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The main questions addressed in this paper are the identification of the main determinants of jurisdictional fragmentation as presently observed across countries and how well those findings line up with the predictions of the expanded standard model of optimal jurisdiction size. To our knowledge, to date, there does not exit a rigorous study analyzing the cross-country determinants of fragmentation in the way this issue has been previously analyzed for some particular countries. At the outset, country fixed effects can be expected to loom large and powerful. Each country with its own history conditioned by a myriad of details, including colonial legacies, geography or ethnic and linguistic fragmentation, are likely to have contributed to heterogeneous levels of fragmentation. These factors could all be summarized in what is often termed the long shadow or the “dead hand” of history. Indeed, some countries may still have the same vertical structure of government that they had many decades ago. But there are also many countries that have changed their governmental structures over the years. So in this paper we would like to find out what may the common determinants that have led to those changes, and also perhaps to help us better understand if those common determinants can also be used to explain why other countries have changed so little. The rest of this paper is organized as follows. In section 2 we offer a simple extension of the conventional model for optimal jurisdiction size. In section 3 we review the literature on government fragmentation and its impact. In section 4 we outline the empirical model proposed for the analysis of jurisdictional fragmentation. In section 5 we present the results from our estimations. We conclude in section 6.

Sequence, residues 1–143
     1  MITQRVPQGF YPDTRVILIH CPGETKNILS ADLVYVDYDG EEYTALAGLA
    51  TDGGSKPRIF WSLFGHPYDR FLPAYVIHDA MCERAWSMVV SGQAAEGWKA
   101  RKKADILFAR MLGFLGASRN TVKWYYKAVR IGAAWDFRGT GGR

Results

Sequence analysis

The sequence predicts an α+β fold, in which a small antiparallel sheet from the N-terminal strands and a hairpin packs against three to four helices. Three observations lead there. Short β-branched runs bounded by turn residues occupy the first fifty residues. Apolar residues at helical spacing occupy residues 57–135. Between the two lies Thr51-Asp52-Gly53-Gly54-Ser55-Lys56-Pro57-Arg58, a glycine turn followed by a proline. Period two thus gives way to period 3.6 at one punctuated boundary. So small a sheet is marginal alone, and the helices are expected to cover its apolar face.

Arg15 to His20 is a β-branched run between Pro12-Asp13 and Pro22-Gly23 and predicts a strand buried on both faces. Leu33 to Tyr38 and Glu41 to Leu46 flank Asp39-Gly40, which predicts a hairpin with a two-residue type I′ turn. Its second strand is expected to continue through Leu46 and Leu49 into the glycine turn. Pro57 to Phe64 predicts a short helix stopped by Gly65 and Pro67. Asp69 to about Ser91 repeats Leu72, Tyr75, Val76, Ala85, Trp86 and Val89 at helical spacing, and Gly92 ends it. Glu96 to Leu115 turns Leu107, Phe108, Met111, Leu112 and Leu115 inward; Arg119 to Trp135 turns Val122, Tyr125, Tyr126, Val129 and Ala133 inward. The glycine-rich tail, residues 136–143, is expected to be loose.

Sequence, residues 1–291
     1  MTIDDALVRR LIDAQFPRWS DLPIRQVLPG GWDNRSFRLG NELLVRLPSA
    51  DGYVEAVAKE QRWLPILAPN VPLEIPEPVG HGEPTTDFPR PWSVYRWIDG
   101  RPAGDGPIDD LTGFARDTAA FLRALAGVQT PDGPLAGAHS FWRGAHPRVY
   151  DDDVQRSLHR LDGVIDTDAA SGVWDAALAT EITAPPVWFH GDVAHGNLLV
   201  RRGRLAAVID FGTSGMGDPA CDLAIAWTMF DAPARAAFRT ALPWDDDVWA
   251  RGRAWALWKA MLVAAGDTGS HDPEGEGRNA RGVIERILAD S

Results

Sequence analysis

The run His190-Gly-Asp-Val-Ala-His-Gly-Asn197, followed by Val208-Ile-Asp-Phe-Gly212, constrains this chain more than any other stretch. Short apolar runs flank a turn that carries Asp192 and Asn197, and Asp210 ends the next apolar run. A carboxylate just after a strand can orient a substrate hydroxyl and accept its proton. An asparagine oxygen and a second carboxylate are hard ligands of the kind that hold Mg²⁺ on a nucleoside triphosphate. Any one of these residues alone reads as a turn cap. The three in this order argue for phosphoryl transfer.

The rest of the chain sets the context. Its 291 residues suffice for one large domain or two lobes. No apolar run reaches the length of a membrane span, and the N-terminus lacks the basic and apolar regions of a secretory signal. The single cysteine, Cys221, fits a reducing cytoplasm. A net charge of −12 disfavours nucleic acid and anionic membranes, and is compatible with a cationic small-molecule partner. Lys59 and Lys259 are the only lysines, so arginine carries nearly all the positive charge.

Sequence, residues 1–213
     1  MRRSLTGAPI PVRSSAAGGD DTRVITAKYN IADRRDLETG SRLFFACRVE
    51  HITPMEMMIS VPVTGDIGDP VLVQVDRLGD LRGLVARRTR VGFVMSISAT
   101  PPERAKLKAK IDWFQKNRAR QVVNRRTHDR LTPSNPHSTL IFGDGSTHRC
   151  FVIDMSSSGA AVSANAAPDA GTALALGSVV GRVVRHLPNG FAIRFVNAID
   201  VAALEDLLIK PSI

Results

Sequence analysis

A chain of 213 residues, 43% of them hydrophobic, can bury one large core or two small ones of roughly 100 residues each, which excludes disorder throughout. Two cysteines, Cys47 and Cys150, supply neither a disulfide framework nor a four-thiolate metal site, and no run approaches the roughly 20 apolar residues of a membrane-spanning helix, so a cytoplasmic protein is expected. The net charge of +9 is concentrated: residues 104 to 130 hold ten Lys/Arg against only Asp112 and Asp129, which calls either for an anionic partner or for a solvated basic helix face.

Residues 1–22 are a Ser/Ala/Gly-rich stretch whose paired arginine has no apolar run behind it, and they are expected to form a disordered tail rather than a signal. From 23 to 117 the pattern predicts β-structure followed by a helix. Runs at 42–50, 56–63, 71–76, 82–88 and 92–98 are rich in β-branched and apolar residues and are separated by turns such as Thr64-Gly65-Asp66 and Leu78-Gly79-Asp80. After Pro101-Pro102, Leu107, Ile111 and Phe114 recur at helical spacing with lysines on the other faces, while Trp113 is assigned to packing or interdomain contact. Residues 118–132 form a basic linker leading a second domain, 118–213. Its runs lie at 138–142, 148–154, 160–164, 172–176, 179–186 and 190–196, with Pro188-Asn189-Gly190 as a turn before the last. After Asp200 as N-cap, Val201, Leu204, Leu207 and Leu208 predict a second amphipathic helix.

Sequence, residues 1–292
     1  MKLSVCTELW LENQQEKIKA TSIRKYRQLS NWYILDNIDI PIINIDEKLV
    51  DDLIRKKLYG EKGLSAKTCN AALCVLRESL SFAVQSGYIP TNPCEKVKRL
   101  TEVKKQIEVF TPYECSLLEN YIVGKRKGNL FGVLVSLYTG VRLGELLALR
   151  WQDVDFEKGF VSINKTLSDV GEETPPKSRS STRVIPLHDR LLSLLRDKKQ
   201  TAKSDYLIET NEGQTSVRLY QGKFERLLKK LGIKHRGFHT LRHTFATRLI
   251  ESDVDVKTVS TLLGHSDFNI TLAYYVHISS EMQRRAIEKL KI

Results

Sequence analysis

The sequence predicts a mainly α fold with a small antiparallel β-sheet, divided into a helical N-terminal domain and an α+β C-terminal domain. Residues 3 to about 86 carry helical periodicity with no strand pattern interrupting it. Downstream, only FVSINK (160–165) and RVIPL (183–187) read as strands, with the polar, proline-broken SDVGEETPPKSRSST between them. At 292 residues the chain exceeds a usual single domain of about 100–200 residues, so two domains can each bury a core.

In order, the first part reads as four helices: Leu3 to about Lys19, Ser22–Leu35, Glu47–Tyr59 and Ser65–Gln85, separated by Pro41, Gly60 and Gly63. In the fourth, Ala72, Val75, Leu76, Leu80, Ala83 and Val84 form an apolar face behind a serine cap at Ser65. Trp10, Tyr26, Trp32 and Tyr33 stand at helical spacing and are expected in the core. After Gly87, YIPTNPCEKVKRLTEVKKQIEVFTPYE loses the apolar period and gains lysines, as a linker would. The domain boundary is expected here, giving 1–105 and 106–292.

International Center for Public Policy Working Paper Series #1219, Andrew Young School of Policy Studies, Georgia State University.

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